Located atop a hill flanked by oak trees in Sonoma Country is Fire Country Lookout, a family home designed to keep fires at bay and for off-grid living. San Francisco-based firm Studio VARA wrapped the home situated near the town of Healdsburg in a protective shell made of standing-seam zinc panels. 

These panels wrap the walls and roof, forming a tough barrier that protects the dwelling from the bright sun as well as from wildfires. Meanwhile, the base is concrete and a glue-laminated timber serves as the structural frame. Screens made of vertical cedar slats also provide shade and privacy.

Fire Country Lookout comes with photovoltaic array to generate energy and solar panels to heat the swimming pool and the water for daily use. It also has its own septic system, propane gas supply, and water well.

The home was built on the request of its owners, a young couple with three children, that it be on a remote location and that it be sustainably erected in harmony with its surroundings. This led to the exploration of a 15-acre property through hiking and camping, and eventually to the design of a 3,896-square-foot home. 

The design draws inspiration from the husband’s childhood in Johannesburg, South Africa, where his father owned a construction company and instilled in him an appreciation for the wilderness or “being out on the bush.” Studio VARA said, “This legacy was top of mind when the couple visited the seemingly undisturbed lands of Healdsburg, which served as a reminder of the rolling hills of his childhood days. Observing solar and wind patterns and daily habits of local wildlife, the team collected data and first-hand experiences that would inform the nature of the design.”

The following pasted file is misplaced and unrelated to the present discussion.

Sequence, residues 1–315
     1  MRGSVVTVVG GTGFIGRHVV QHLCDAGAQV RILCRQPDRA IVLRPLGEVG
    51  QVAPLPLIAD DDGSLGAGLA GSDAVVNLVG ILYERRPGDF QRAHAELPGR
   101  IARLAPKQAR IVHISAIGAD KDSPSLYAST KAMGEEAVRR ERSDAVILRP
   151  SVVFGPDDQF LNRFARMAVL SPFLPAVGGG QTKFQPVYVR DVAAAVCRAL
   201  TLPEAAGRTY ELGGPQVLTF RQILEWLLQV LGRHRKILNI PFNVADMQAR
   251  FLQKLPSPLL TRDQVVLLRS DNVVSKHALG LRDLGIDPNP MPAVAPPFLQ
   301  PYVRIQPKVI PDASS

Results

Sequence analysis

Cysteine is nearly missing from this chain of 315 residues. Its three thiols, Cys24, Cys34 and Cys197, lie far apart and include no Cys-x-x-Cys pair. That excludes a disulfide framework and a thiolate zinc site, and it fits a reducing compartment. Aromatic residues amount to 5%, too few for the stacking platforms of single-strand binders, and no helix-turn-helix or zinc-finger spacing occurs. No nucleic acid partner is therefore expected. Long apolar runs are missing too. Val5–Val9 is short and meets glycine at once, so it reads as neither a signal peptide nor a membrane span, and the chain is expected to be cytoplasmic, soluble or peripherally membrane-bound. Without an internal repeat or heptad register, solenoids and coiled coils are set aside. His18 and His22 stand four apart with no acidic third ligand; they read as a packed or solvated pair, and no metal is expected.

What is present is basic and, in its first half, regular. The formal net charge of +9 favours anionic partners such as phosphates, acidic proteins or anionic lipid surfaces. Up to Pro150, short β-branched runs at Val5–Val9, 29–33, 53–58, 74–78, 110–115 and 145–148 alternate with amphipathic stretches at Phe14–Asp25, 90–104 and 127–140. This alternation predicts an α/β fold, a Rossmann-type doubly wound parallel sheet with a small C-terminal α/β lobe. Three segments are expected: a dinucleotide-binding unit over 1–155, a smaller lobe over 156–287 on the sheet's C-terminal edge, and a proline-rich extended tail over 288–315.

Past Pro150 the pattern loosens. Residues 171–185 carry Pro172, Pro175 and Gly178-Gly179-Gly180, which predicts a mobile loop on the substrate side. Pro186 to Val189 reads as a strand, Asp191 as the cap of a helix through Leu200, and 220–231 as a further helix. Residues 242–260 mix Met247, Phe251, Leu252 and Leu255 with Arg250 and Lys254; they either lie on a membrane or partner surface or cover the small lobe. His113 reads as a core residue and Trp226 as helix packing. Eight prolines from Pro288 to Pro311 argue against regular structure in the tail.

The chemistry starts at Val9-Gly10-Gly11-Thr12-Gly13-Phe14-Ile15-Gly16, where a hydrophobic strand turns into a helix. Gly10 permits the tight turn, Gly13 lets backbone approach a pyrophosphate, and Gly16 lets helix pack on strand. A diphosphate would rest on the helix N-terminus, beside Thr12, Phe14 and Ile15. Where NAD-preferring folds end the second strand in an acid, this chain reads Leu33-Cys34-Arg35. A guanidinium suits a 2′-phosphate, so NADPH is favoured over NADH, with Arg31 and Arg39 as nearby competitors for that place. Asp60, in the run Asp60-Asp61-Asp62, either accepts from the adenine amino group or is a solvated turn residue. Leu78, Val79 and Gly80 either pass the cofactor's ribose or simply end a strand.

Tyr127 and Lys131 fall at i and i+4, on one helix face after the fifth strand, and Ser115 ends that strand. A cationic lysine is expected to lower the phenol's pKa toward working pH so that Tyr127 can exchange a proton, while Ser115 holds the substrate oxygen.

The result is a home composed of two volumes separated by a breezeway and stretches east to west along a ridge. Fire Country Lookout boasts a “prismatic form” set at the center to maximize natural views. To its north is an infinity pool, a pool house, and a carport. Meanwhile, the western half hosts an open-plan kitchen and the dining and living area, and the eastern side holds the private spaces which includes four bedrooms and a primary suite.

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Images courtesy of Matthew Millman/Studio VARA